Shopping for a new workstation. Some chips have a higher clockspeed, lower L3 cache and vice versa. Would SolidWorks benefit from higher clockspeed or more L3 cache?
I believe that from both. Use money on CPU before that GPU.
Based on what I've been reading on the forums, I think the correct answer is buy an I7.
also important is to make sure you get a 32nm die size. also, turbo boost is nice.
maybe drop the CPU part number of the options you are comparing?
Im looking at these, leaning towards the W3565.
Quad Core Intel® Xeon® Processor E5640, 2.66GHz,12M L3, 5.86GT/s, turbo [add $950.00]Quad Core Intel® Xeon® Processor E5630, 2.53GHz,12M L3, 5.86GT/s, turbo [add $330.00]Quad Core Intel® Xeon® W3565 3.20GHz, 8M L3, 4.8GT/s [add $530.00]Quad Core Intel® Xeon® W3530 2.80GHz, 8M L3, 4.8GT/s [add $90.00]Quad Core Intel® Xeon® Processor E5507, 2.26GHz,4M L3, 4.8GT/s [Included in Price]
when you say workstation, are you talking about more than one cpu on the motherboard? if not, you are wasting your money on any of those chips
in the cpu world, workstation or server means there is more than one cpu, and for that you want a "workstation" chip, IOW, one like in your list, contrast this to the computer sales world where workstation usually means overpriced, it's nothing more than a buzz word for a high end (more correctly, high priced) computer and has nothing to do with multiple cpu's on the motherboard
but if your motherboard only has one cpu, then you should be looking at another cpu, like the i7
but some would argue you are wasting your money buying a dual socket motherboard, whether you populate them both or not, for SW
If you are buying from Dell, and you want a CAD machine, they are going to call it a "workstation".
More importantly to your question though, the first two choices on that list are 32nm chips, and are the latest technology. The W's shown are older 45nm technology, as is that E5507.
If I was purchasing a new SolidWorks machine I would only be looking at the E56xx machines, so I would suggest either of those, whichever your budget can afford. I would take the E5630 over the W3565, it is faster. Does anyone know of a site that shows benchmarks between specific processors? Tom's Hardware has been letting me down recently with the direct comparisons.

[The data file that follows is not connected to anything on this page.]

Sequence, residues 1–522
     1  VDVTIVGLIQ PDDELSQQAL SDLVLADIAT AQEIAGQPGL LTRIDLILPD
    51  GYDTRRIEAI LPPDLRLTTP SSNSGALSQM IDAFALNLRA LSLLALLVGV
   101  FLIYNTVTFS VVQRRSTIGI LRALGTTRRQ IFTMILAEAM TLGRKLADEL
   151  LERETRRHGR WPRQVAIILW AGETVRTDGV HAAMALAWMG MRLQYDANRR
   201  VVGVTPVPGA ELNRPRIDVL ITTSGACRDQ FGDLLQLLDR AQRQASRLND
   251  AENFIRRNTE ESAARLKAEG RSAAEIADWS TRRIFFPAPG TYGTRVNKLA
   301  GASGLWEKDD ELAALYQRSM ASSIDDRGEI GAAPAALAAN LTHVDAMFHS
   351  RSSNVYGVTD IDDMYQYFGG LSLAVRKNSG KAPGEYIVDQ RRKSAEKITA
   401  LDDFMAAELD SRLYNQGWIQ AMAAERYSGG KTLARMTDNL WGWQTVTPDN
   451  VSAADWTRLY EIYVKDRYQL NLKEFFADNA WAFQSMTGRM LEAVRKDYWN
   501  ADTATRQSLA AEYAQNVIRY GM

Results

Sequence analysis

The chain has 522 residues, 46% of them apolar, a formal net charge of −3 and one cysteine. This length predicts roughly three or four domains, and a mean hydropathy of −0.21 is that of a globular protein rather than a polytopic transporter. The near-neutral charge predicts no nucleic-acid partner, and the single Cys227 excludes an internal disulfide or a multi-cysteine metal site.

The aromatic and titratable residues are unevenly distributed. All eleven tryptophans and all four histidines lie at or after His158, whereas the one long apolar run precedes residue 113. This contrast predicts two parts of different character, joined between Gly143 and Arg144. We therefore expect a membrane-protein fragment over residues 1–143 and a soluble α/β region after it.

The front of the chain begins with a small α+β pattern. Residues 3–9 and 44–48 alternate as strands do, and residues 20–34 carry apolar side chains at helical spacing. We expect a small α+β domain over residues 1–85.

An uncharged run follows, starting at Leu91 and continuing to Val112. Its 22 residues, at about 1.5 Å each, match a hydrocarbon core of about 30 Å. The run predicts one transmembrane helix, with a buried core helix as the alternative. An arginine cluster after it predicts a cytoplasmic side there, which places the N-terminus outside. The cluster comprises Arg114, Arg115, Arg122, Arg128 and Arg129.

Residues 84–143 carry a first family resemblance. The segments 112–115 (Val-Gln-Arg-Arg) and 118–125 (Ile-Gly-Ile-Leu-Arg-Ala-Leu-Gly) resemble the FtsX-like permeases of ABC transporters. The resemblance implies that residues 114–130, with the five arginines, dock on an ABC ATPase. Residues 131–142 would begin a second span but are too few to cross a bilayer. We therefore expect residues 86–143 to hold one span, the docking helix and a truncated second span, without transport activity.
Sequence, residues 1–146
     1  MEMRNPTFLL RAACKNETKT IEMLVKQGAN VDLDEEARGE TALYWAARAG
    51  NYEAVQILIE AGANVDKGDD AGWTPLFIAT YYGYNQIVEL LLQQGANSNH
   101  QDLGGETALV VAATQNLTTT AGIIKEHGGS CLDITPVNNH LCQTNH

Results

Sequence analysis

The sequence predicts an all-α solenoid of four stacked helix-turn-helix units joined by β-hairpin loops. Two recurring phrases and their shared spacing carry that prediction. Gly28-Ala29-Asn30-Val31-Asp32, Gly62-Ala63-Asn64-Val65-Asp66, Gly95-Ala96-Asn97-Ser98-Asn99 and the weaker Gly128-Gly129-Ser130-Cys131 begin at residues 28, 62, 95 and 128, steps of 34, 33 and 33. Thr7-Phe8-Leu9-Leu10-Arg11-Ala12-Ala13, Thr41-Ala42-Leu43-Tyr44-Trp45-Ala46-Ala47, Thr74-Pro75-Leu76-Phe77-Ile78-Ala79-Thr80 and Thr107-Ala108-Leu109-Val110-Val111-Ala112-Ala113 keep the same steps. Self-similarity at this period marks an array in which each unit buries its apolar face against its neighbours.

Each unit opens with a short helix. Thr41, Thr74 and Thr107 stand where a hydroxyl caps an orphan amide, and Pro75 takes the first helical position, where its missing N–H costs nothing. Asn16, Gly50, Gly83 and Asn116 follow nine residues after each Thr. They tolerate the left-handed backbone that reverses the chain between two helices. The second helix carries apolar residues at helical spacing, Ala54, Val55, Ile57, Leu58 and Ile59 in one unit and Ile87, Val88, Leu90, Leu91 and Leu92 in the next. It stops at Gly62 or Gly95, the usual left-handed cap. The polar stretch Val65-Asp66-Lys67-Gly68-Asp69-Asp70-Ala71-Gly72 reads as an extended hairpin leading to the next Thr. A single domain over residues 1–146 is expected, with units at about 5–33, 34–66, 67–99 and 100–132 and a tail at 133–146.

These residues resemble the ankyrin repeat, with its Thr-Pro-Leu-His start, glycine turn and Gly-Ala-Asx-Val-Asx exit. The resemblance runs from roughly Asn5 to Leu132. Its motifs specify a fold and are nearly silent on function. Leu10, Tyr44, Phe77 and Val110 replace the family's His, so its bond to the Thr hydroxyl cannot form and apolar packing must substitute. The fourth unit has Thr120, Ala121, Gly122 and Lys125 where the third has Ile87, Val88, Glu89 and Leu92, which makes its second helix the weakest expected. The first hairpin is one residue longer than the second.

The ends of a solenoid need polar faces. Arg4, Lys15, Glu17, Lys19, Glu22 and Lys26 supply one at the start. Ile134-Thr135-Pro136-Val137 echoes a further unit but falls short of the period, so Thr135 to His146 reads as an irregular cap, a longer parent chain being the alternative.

But I won't disagree with Mark either. If you can get a Core i7 970, then it will cost the same (after including the difference in motherboard price) but run at higher clock speed 3.2 GHz, and is a very similar chip.
When Intel talks about servers or workstations they are referring to multi CPU systems, when they talk about desktops, they are talking about a single CPU system. The Xeon processors were designed to be part of a multi CPU systems, the i7 is the desktop (single CPU) version of the Xeon. For each of the Xeon processors, there is usually an i7 equivalent that gives the same performance (looking at the spec sheet). The i7 costs less because it lacks the enhancement that Xeon possesses to work in a multi CPU environment, there is no other performance advantage. Actually because they are newer, if anything the i7 has a performance advantage over the Xeon in a single CPU system. Because of the enhancement to operate in a multi CPU system, the Xeon cost a little more than the i7, thus you are wasting money buying one if not used in a multi CPU system for which they are designed.
Computer buying made simple:
do your applications benefit from a dual processor system?